If you’re shopping for a home right now, you’re no doubt aware of two dynamics happening at the same time: record house prices and rapidly rising interest rates. If you started your home hunt a few months ago with just one budget in mind, you’ll probably have to throw away that old budget and create a new one based on the rising costs of buying and borrowing.
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In 2022 alone, the rate on a 30-year fixed mortgage rose to 5.65% from 3.29% at the start of the year, CNBC reported, citing data from Mortgage News Daily. To put these numbers in real dollars, your monthly mortgage payment would be $2,078 if you bought a $450,000 home at the current rate of 5.65% and put down a 20% down payment. At 3.29%, your mortgage would have been $1,575 per month, a difference of about $500.
Meanwhile, the typical value of a home in the United States as of July 8 is $349,816, according to Zillow. That’s about $328,000 in January, a gain of almost $22,000.
So if you started looking for a home at the start of the year and are still looking for the perfect home, your budget may have already increased by around $20,000 over the purchase price and $500 on the monthly mortgage payment.
Mortgage rates are expected to continue to rise this year as the Federal Reserve implements more interest rate hikes to help keep inflation in check, which is what most economists expect.
The only positive trend is that house price increases may finally subside. The most recent S&P CoreLogic Case-Shiller U.S. National Home Price Index, released on June 28, showed a 20.4% year-over-year gain in April 2022, down compared to a 20.6% increase the previous month.
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“April 2022 showed early (albeit inconsistent) signs of a deceleration in the rate of growth of U.S. home prices,” S&P DJI chief executive Craig J. Lazzara said in a statement. .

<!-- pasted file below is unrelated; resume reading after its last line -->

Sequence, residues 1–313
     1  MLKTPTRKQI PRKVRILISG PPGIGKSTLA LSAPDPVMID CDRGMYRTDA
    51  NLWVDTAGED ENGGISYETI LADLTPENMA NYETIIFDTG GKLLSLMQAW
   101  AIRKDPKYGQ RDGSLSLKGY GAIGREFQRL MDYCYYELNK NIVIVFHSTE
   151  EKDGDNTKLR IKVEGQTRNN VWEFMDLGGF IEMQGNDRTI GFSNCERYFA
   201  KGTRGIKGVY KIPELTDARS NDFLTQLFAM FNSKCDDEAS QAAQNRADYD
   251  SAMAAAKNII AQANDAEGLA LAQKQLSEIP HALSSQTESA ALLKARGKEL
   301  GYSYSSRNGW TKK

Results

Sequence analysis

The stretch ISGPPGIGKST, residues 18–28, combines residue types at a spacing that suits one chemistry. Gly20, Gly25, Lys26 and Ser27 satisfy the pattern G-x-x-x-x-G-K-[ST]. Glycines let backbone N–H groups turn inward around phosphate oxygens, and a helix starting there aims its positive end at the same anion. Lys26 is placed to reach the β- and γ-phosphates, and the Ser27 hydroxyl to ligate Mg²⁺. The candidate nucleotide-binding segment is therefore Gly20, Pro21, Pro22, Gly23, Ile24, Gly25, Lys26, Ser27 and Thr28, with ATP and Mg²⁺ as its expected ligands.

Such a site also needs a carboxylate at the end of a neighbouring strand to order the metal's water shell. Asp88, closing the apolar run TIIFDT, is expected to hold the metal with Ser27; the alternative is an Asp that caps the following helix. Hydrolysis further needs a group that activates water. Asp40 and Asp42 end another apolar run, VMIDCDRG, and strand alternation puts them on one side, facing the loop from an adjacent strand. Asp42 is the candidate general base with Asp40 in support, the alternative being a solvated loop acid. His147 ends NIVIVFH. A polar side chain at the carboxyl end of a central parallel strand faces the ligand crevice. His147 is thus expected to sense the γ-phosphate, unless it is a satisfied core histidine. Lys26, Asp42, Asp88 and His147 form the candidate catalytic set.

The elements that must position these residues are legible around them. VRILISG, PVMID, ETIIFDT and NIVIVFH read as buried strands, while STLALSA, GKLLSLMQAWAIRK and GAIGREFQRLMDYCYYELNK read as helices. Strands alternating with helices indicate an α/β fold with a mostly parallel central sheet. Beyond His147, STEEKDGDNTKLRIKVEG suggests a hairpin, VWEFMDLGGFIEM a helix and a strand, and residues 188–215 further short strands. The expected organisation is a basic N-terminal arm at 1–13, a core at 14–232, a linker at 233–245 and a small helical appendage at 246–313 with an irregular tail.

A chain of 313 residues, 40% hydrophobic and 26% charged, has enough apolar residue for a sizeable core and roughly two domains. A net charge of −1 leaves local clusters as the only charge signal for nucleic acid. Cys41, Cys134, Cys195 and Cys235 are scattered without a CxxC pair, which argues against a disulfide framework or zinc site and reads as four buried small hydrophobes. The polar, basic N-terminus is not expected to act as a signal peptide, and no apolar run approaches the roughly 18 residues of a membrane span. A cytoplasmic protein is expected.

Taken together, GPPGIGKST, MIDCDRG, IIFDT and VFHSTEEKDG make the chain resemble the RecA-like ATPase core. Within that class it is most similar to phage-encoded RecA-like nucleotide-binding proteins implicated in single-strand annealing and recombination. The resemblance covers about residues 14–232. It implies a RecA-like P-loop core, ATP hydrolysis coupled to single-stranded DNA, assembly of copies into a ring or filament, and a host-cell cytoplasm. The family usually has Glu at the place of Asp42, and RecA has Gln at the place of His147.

Despite the deceleration in the National Composite and a modest acceleration in the 10 and 20 City Composites, growth rates are still “extremely strong by historical standards”, he added.
When developing a family budget, many of the old rules still apply even as costs rise. As CNBC noted, a general rule of thumb is that your housing costs should equal about 30% of your income. This should cover the mortgage payment as well as property taxes, home insurance and maintenance. You can probably increase this percentage if you don’t have children, or decrease it if you have other heavy debts such as student loans.
You can also give yourself a little more leeway by working with lenders to get the best mortgage rate possible. This partly depends on your credit score. If your score is 740 or higher, you can probably get the best advertised rates.
Finally, making a larger down payment will lower your monthly mortgage payment, which means you can adjust your budget accordingly. But if you can only make the minimum down payment — like the 3.5% FHA minimum mortgage down payment — your monthly mortgage payment will be much higher.
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